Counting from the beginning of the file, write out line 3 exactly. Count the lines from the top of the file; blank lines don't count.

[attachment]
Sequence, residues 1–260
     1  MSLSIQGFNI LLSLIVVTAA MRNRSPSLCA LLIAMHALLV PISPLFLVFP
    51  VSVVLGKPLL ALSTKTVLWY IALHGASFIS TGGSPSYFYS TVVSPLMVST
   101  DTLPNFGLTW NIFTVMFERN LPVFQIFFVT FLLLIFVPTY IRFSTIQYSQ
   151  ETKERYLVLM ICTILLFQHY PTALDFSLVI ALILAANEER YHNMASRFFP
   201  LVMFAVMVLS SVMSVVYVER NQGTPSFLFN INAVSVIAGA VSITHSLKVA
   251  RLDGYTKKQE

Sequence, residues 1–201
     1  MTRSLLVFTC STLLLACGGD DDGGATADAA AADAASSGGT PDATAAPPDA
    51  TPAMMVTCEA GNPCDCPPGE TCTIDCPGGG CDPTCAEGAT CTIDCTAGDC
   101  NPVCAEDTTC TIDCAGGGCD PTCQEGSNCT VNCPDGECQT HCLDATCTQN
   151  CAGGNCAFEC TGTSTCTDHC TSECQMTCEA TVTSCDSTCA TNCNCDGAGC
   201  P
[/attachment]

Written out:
    51  VSVVLGKPLL ALSTKTVLWY IALHGASFIS TGGSPSYFYS TVVSPLMVST